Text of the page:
I have completed two groups of the MSC resilience programme, 8 children in total. During this intervention there were 6 sessions:
- Session 1: We talked about what resilience is and filled in a scoring questionnaire. The sessions focused on identifying what makes us resilient, and how we build resilience going forward. Session 1 went over sustainable friendships, such as what makes a good and bad friend. I spent quite a bit of time discussing what makes us different from each other, each child looked at each other and listed differences.
- Session 2 went over worries and how to deal with those worries in the future.
- Session 3, was a meditation and yoga group.
- Session 4 the children went over mood and their mental health. They learned that all these are important factors on improving their resilience.
- Session 5 was the Self-esteem session, the children took turns and made positive notes on what they like about each other, with me modelling some examples. They learnt the importance to share nice things about each other, building self-esteem and therefore becoming more resilient.
- We finished with session 6, going over all what we’ve done over the weeks and doing a post scoring evaluation.
I organised for the Head of Year 7 and the Assistant Head of Year 7 to come into school on the 23rd May. This was the first transition assembly that the high school had done. Usually this is only the Assistant Head of Year, but we managed to get the Head of Year to attend also this year.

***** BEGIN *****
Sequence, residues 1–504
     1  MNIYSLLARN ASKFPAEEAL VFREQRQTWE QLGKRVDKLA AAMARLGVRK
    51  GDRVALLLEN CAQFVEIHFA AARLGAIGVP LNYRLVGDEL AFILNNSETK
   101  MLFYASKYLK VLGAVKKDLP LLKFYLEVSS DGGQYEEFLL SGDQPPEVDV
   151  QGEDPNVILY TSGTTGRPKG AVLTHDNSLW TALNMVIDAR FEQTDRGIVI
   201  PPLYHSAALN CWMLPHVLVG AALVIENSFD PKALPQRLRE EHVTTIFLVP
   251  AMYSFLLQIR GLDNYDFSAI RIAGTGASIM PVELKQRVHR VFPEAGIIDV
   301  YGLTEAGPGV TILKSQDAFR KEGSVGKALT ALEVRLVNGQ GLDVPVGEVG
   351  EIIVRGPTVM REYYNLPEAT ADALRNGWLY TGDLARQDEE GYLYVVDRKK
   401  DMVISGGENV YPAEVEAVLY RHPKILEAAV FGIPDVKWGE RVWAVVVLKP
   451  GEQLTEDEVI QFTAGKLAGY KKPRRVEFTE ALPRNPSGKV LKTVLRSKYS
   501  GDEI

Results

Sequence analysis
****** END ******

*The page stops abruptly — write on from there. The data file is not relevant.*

In addition to what was initially written in my LBL engagement plan, I have also communicated with the local secondary school’s SENCO and Head of Year 7 and we have organised additional transition visits to support our most anxious and vulnerable children. These visits are now happening (as I write this). I have also invited the secondary school staff that will be working closely with our pupils in year 7 to visit these children at SM (an environment they currently feel safe in) before the end of term. These transitions have all been planned and the importance has been explained to each child, and communicated home to their parents.
Speaking to our SENCO we also identified another child that was in need of additional transition support during this time. Knowing the contacts well (as I used to work there) I organised the Child In Care (CiC) mentor/support worker to visit the child at our school on the 3rd June. I spoke to the child before the meeting and she had some major concerns about moving to high school. But with the additional support including the SEND visits on the 28th June, 5th July and 6th July she told me she feels happier and more supported.
I have amended my original plan to include a transition wall display, which is now on display near the year 6 classrooms. (See attached picture).
During lunch time I took groups of children from the KS1 playground for a walk around the new KS2 playground so they are more familiar with the new surroundings next year. I have worked together with our SENCO for transition at Spring Meadow this year. The school understands the importance of transition, therefore have implemented a new plan this year for the whole school to move up to their new class 3 days before the end of the summer term. This will help children settle and get used to the new environment come September. These additional days to transition to the new classes and new playgrounds will support our children that have additional needs such as ASD, so hopefully they will be more settled when returning to school in September. This is now being communicated to parents.